So unless you have been living under a rock for the last few days you will know that Steam are launching an operating system based on Linux, and there there will be a set of rolling announcements this week that may or may not have been leaked already.
If the leak is to be believed, you will be able to buy or build your own SteamBox.
The games aspect is great and I’m sure if they solve the keyboard vs controller in the loungeroom issue and the streaming games outside of the US issue and they don’t alienate PC gamers by doing any kind of exclusive to SteamOS AAA content deals, it will be awesome.
And let’s not forget the ability to ‘Cast’. Casting like ChromeCast or AirPlay is rapidly becoming a must have feature on any new hardware platform.
However, for me it’s more that they are moving into the loungeroom and adding Movies/TV and Music to their on-line store.
It comes down to this. Everyone wants to be Apple.
I doubt any CEO would admit to wanting to copy another company but getting some of that iTunes/Netflix river of gold would certainly increase shareholder value 🙂
I don’t mean Steam are literally stalking a single company, for me this is more evidence of the convergence and evolution of hardware and content companies towards a model, lets call it “The Model” seemingly perfected at this point in history by Apple.
‘The Model’ seems to be Device + Storefront + Media. If you have any two you seem to acquire the missing third through market forces. If you are starting out with just one or from scratch you need to assemble the full set Manhattan project style , much like Intel are doing now.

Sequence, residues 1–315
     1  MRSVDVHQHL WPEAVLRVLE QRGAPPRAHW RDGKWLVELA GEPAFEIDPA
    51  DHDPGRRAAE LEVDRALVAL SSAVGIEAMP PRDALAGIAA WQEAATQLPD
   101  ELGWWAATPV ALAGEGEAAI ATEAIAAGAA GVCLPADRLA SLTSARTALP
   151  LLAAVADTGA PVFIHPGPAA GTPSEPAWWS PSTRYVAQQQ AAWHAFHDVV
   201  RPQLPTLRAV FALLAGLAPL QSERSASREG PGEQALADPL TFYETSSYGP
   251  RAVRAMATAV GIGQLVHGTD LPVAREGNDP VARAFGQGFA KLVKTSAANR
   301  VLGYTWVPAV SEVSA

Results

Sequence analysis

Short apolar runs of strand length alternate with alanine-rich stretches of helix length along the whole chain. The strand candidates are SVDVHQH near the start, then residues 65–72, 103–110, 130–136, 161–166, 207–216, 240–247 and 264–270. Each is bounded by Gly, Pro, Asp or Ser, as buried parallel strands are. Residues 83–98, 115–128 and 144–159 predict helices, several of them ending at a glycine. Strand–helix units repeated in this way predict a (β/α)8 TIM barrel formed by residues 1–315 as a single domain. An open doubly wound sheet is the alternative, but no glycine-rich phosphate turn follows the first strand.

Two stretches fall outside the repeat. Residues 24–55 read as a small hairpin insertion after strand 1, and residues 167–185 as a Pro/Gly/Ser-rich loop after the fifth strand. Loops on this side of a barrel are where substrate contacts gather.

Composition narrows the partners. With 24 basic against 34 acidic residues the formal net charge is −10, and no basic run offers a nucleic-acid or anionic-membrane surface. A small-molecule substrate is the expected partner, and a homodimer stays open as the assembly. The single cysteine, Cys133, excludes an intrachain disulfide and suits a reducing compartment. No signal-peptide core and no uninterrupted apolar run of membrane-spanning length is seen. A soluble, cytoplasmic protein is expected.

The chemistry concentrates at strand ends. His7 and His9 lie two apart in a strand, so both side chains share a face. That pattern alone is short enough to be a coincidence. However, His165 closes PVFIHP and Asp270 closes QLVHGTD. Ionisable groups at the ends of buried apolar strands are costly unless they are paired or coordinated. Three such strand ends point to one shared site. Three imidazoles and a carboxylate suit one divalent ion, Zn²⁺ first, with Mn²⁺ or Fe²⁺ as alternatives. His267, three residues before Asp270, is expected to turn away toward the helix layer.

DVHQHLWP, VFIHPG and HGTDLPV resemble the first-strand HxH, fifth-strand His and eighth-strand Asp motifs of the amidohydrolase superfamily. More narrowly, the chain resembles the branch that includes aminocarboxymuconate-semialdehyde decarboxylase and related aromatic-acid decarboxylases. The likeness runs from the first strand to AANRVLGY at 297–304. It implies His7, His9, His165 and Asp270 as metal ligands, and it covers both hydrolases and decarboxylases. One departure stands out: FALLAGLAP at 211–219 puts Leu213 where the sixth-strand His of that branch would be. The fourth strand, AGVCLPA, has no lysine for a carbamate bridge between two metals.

Device – Lets you control and tax (30% from each transaction seems to be the industry standard) the other storefronts you let on your platform.
Storefont – A pre-existing repository of signed up users and credit cards.
Content – To acquire content, companies can directly license content or even just do deals with Netflix and other similar Content App Store Providers.
Apple, Netflix, Google, Amazon, Samsung, Microsoft, Sony, Intel and now Steam have all added or negotiated one or more of these components to bring them into The Model.
Here is a summary of the current platform operators (IPTV centric) and where they started before they decided to adopt “The Model”.
In my simple analysis;
- The market leaders are those who had the most components of “The Model” to begin with.
- A pre-existing storefront of signed up users and credit cards seems trump not starting with content or hardware.
- Sony should be more successful than they have been.
- Intel are taking a big gamble.
I blame Sony’s fragmented storefront UI/UX. In the past, Sony have… not prioritised user experience. Also their close association with the on-again, off-again also-ran Google TV which had a head start but failed to decide what it wanted to be so was an expensive ‘does everything’ experiment.
I’ve listed them in order of usability (my judgement) and it seems to me that bad UI/UX trumps good positioning.
Steam has all the components it needs. In fact it’s technically at a better starting position than Samsung was (existing users beats existing hardware) but unlike Sony, Steam needs to get the user experience right.
Steam may not directly license content, even if they just do deals with Netflix and other Content App Store Providers they will get to up-sell TV episodes and Movies to millions of gamers, who will have already entered their credit card, and take a ‘tax’. 🙂
For those is in the world of IPTV, existing business is predicated on existing content owners wanting to enter this model.
So yes, everyone wants to be Apple, and it’s great 🙂
Update on Intel – seems I called out their risk at the right time… http://www.engadget.com/2013/09/27/intel-may-scrap-internet-tv/